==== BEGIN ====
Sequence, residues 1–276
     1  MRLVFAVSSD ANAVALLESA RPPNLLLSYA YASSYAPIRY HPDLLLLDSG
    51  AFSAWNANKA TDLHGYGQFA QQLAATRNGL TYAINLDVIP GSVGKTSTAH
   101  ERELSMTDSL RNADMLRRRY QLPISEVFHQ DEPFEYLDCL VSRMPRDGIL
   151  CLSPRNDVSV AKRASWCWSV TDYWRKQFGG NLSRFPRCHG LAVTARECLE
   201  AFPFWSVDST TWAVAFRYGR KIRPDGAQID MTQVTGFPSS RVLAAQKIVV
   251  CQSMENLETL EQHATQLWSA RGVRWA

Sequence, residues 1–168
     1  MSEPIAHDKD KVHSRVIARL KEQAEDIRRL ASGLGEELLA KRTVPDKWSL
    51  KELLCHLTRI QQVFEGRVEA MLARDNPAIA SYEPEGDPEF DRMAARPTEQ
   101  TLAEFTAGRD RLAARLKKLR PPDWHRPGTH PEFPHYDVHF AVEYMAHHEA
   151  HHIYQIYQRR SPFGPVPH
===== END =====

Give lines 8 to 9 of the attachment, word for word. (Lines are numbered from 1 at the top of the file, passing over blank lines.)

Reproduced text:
Sequence, residues 1–168
     1  MSEPIAHDKD KVHSRVIARL KEQAEDIRRL ASGLGEELLA KRTVPDKWSL